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Ideas for Bachelor and Master's projects

Studying cell signalling using nanopatterning of receptor ligands on self-assembled DNA origami structures

In the context of the Danish National Research Foundation Centre of Excellence, CellPAT, we run a number of projects that use specifically designed DNA and RNA origami structures to position ligands in a predefined nanoscale pattern, allowing us to study how pattern recognition and avidity contribute to cell signalling and activation. The current projects are focused on the immune system and skin stem cells but we plan to expand to other biological systems in the future. A student project could typically be to design a 2D nano-pattern of sugar or peptide, characterize its structure using various biophysical methods (e.g. super-resolution and transmission electron microscopy) and analyze its functional interplay with cultured cells (signaling, uptake and toxicity).

Contact person: Professor Jørgen Kjems 

Selection and characterization of aptamers for complex biological mixtures

Aptamers are oligonucleotides that fold into specific 3D structures that allow them to exert numerous functions, including specific binding to various biomolecules such as proteins, lipids or metabolites. We select aptamers to viruses and cellular receptors as well as makinglarge-scale screens for aptamer sequence that can characterise complex biological samples (e.g. body fluids) and combine this with multiomics analysis and mass spectrometry to identify new biomarkers. A student project could typically be to select an aptamer for a specific viral or cellular protein and test its biological function in test tube and cell culture assays.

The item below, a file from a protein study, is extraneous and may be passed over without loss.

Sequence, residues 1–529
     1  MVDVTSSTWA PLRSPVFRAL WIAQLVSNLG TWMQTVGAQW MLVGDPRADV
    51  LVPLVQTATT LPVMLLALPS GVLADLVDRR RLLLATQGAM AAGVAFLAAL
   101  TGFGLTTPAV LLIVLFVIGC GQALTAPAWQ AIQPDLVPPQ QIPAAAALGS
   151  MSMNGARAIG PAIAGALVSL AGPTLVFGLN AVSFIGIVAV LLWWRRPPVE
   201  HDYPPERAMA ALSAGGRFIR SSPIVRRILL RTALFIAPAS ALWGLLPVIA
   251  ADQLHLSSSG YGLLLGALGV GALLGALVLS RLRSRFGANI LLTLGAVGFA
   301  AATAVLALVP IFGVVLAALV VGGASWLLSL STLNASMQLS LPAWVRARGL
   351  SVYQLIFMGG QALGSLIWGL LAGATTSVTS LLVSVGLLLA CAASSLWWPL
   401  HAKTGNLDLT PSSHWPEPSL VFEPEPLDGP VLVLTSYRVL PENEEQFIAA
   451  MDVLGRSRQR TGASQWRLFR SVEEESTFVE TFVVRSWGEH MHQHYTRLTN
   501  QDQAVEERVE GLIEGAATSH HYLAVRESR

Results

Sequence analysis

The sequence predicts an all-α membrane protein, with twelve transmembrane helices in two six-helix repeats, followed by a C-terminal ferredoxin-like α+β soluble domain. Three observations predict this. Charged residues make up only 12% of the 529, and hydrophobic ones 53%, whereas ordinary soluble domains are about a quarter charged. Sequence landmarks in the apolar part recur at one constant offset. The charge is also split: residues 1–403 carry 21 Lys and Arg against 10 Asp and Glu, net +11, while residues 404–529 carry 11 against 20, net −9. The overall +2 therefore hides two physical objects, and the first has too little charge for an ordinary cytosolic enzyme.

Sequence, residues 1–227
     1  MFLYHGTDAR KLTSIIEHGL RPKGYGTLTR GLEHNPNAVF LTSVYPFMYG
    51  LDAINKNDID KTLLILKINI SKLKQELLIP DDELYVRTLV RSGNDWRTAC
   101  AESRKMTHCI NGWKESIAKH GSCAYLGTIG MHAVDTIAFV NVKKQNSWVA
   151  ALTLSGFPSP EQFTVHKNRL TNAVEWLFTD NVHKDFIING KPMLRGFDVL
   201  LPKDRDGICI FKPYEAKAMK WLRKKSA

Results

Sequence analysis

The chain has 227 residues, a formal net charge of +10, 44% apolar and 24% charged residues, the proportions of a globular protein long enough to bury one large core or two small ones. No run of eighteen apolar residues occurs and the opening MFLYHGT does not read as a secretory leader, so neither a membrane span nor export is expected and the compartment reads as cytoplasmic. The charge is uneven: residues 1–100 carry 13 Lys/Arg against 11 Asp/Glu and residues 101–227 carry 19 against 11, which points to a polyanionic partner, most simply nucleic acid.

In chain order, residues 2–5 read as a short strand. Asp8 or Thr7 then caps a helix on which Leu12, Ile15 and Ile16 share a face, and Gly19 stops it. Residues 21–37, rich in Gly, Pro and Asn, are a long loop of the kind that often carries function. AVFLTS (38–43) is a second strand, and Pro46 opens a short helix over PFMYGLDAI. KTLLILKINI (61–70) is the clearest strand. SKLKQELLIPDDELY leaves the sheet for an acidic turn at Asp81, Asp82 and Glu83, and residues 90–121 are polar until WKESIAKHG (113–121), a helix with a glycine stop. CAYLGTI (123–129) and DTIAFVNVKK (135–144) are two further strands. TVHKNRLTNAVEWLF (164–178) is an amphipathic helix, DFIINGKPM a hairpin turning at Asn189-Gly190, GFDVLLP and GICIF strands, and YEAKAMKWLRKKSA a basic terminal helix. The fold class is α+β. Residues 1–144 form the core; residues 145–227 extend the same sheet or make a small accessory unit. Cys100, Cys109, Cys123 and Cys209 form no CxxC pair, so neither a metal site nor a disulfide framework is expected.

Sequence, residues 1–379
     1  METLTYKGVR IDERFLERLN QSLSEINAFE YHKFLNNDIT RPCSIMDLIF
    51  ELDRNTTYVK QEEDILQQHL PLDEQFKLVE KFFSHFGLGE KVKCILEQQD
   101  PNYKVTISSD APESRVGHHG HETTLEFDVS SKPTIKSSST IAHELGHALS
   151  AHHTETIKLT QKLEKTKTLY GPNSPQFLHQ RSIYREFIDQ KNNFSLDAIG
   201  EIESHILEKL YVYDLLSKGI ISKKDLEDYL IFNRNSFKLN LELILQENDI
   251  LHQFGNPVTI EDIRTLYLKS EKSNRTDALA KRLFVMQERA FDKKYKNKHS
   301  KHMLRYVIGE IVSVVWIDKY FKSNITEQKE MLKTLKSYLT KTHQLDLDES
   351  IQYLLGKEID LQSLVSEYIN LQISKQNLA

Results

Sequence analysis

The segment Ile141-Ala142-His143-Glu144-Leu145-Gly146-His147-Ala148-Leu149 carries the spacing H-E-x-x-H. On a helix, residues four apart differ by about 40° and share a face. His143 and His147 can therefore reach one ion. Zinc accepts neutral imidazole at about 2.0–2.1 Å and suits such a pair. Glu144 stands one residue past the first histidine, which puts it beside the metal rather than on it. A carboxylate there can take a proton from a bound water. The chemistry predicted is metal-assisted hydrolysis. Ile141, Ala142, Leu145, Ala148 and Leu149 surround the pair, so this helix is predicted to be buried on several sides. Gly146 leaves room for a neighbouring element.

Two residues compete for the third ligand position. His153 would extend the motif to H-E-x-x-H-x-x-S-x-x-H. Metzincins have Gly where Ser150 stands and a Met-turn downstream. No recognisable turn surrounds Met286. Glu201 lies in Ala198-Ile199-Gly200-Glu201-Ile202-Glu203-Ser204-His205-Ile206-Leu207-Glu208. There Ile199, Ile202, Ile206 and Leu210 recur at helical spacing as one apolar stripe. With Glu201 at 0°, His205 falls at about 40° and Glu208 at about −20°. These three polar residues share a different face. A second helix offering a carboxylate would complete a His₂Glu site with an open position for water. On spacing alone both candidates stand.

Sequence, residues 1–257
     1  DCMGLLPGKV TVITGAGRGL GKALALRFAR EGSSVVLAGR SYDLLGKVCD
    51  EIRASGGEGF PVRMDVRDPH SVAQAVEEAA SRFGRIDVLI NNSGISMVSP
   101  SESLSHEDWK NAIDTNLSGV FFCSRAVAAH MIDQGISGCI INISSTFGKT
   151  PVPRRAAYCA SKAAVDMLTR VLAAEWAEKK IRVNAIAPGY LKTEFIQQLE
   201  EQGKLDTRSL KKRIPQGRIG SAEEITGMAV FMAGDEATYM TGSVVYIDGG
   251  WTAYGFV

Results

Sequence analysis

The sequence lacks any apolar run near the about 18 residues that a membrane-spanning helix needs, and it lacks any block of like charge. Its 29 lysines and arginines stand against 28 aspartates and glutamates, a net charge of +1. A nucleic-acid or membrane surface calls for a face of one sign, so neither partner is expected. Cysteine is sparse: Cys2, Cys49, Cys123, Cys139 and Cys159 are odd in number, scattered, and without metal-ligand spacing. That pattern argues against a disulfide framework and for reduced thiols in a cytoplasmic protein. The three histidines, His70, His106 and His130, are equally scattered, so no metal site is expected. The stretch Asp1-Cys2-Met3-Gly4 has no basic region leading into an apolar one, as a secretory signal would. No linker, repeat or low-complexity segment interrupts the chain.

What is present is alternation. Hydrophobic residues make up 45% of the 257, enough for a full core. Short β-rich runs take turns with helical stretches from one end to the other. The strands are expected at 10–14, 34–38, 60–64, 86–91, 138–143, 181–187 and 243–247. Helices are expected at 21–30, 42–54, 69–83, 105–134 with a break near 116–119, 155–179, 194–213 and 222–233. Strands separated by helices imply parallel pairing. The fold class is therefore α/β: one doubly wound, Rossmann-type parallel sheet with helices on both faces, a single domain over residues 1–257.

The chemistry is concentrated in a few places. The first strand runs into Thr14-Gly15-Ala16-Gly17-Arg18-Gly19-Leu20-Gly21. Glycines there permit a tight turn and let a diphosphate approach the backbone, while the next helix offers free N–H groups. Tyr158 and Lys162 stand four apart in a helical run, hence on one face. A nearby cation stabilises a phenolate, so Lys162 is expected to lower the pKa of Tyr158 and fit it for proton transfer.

Contact person: Professor Jørgen Kjems 

Biosynthesis and function of circular RNA

CircRNAs are covalently joined RNA molecules that show tissue- and age-dependent expression in metazoans. We combine high-throughput sequencing, biochemical analysis and cell biology to understand how circRNAs are formed, how they regulate gene expression and how they function in development. We also design circRNA vectors for therapeutic applications. A student project could typically be design and synthesis a circRNA for more durable protein expression and test it cell culture and animal models.

Contact person: Professor Jørgen Kjems